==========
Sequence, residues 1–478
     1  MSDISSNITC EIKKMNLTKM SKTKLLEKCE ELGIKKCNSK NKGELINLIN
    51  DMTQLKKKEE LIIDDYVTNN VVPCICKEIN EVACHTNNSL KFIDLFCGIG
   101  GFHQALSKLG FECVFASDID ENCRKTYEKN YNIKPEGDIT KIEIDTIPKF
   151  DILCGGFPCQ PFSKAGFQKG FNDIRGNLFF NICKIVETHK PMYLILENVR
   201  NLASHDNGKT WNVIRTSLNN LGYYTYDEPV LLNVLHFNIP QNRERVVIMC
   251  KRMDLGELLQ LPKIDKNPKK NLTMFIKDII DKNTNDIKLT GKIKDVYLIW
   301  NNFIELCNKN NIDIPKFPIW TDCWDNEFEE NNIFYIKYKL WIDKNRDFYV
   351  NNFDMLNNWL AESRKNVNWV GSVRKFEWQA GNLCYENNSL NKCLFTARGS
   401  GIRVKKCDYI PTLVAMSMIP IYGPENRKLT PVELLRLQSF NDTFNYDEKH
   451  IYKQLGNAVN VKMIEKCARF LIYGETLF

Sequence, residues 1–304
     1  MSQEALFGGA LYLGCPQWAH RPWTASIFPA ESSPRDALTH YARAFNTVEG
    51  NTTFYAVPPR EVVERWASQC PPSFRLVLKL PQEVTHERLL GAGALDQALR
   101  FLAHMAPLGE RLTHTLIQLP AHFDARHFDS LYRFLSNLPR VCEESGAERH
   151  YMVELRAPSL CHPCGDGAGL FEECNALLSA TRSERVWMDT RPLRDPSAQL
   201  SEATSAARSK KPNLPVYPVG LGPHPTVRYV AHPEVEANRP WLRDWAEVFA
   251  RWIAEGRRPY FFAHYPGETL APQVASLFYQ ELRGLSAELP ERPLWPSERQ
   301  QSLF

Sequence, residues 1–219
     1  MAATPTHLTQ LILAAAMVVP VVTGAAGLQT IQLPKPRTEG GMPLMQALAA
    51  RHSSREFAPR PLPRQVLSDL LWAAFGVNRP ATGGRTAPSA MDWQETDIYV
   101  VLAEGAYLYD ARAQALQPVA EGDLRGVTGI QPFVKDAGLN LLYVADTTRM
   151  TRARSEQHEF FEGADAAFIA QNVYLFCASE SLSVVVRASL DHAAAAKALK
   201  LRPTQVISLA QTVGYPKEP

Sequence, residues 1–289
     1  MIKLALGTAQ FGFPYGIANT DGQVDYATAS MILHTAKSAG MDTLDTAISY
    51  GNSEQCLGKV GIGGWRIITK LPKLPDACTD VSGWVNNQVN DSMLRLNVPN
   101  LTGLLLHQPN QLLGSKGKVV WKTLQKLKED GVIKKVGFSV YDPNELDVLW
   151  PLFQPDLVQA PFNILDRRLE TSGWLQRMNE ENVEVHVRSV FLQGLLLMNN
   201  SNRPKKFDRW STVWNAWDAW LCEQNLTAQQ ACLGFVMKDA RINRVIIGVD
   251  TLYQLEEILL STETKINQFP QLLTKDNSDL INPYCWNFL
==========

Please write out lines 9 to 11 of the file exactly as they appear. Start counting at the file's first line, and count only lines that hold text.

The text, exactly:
   351  NNFDMLNNWL AESRKNVNWV GSVRKFEWQA GNLCYENNSL NKCLFTARGS
   401  GIRVKKCDYI PTLVAMSMIP IYGPENRKLT PVELLRLQSF NDTFNYDEKH
   451  IYKQLGNAVN VKMIEKCARF LIYGETLF